• Little Fish by Ramsey Beyer – Ramsey Beyer captures her first year at art school in this graphic memoir.  She’s a blogger, zinester, and an artist, so I was obviously a little biased toward liking this book even before I started reading.  It’s a more innocent look at college–no parties or hangovers here–than you might find in other books, and Beyer’s sincerity and sweetness make this a cute coming of age book that zinesters and other creative sorts will enjoy.  (Teen/Adult Memoir – Find it at your library or indie bookstore)
  • Becoming Naomi Leon by Pam Munoz Ryan – This is an oldie, but it is not to be missed.  When Naomi’s mom returns and wants custody of Naomi (and not her brother who has a birth defect), Naomi explores her father’s side with a trip to Mexico.  That one sentence description hardly does the book justice.  It is a thoughtful look at identity and family.  A long-time favorite of mine.  (Children’s Fiction – Find it at your library or indie bookstore)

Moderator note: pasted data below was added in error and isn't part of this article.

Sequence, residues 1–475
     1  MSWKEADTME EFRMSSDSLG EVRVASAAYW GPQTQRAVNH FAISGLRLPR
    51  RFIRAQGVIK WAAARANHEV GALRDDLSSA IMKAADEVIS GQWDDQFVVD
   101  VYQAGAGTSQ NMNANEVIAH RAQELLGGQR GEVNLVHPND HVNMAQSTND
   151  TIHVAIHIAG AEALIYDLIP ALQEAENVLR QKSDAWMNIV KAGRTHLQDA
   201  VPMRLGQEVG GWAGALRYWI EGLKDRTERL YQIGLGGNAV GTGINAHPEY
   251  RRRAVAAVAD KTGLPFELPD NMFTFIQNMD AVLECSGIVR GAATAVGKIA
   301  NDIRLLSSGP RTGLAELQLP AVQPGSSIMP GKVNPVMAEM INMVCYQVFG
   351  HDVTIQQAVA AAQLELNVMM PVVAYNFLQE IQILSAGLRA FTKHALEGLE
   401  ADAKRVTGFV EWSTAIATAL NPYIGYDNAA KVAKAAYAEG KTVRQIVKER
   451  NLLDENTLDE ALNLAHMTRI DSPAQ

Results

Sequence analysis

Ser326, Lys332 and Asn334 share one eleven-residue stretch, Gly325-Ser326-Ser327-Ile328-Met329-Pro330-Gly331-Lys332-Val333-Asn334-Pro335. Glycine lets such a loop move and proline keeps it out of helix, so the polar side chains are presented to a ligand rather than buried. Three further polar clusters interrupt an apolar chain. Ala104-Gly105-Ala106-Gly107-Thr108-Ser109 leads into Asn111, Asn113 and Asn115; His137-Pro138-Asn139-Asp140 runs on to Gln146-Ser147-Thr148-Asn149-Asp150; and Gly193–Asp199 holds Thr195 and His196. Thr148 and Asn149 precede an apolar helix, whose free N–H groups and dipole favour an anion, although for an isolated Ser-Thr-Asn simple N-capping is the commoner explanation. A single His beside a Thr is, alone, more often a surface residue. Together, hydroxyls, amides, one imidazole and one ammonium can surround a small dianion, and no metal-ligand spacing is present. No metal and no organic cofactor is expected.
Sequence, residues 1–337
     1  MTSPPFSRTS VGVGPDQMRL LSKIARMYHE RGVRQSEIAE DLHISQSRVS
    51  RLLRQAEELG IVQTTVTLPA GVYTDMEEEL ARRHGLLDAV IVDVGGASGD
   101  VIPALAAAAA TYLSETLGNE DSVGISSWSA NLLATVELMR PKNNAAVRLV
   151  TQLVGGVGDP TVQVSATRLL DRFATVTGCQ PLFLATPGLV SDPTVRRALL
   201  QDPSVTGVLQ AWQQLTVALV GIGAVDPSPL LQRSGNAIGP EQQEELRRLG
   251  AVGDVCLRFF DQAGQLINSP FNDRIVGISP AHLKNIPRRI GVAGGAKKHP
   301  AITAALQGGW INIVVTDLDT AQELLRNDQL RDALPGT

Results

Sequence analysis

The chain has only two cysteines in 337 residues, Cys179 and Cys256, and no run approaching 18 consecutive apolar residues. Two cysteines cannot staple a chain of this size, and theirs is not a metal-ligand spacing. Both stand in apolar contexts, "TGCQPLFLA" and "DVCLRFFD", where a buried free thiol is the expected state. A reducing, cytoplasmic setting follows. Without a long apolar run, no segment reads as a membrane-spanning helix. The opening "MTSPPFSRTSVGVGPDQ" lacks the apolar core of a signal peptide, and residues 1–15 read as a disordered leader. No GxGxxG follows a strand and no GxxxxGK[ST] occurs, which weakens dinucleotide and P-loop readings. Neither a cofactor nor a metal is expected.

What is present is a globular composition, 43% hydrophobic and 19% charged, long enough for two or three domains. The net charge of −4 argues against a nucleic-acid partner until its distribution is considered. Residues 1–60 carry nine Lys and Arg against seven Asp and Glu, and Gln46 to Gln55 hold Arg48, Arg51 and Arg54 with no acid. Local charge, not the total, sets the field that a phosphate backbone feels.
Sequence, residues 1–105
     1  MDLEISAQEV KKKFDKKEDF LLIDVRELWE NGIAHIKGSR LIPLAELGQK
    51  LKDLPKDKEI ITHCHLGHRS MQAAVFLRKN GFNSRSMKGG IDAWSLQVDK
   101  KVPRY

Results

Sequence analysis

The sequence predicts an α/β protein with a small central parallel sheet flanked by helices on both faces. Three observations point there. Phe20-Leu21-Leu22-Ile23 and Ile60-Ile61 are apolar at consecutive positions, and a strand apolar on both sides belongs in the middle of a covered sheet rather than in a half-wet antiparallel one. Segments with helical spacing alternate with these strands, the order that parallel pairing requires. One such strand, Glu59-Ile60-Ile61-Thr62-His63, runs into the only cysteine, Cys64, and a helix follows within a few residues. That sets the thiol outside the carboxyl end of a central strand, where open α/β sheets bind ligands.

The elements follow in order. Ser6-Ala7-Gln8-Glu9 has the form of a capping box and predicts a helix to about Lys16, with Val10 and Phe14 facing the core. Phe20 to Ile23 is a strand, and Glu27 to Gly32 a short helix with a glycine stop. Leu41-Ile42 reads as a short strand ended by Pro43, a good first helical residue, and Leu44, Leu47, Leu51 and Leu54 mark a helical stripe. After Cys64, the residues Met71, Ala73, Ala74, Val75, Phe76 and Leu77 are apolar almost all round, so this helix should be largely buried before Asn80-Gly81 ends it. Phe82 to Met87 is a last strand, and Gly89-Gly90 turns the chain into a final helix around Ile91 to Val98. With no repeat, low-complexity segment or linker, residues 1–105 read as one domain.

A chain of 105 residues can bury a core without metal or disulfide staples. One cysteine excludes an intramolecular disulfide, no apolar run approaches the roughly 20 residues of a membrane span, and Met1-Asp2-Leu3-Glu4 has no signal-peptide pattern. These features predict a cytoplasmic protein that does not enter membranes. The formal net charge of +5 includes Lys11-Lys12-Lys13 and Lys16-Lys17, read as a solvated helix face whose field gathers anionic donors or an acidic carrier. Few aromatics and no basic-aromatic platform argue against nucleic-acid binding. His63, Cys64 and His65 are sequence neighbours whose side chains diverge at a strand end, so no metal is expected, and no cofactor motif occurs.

Have you read anything that fits this theme?  What would you add?

A few recent reads

I don’t have the time to write something about each and every book I read.  I try to keep track in Goodreads, but I can never quite keep up.  In any case, here are a few sentences for some books I’ve read recently.

  • onceuponanorOnce Upon a Northern Night by Jean Pendziwol – I will freely admit that I have a particular weakness for winter-related picture books.  Like a good Minnesotan, I love to romanticize wintry weather for all the magic it offers.  This picture book turns the idea of winter into a lullaby.  The illustrations are striking and beautiful.  Well worth checking out.  Find it at your library or buy it at an independent bookstore
  • Emmaline and the Bunny by Katherine Hannigan – Technically, I suppose I still have a chapter left to read on this book.  I’m reading it aloud to my daughter, and we are quite enjoying it.  There are lots of fun words to say (dinglederrydoo and hoopalala) and plenty of alliteration, wordplay, and general silliness to make a good read-aloud.  Check out the author’s web site for instructions on drawing a bunny.  Find it at your library or buy it at an independent bookstore.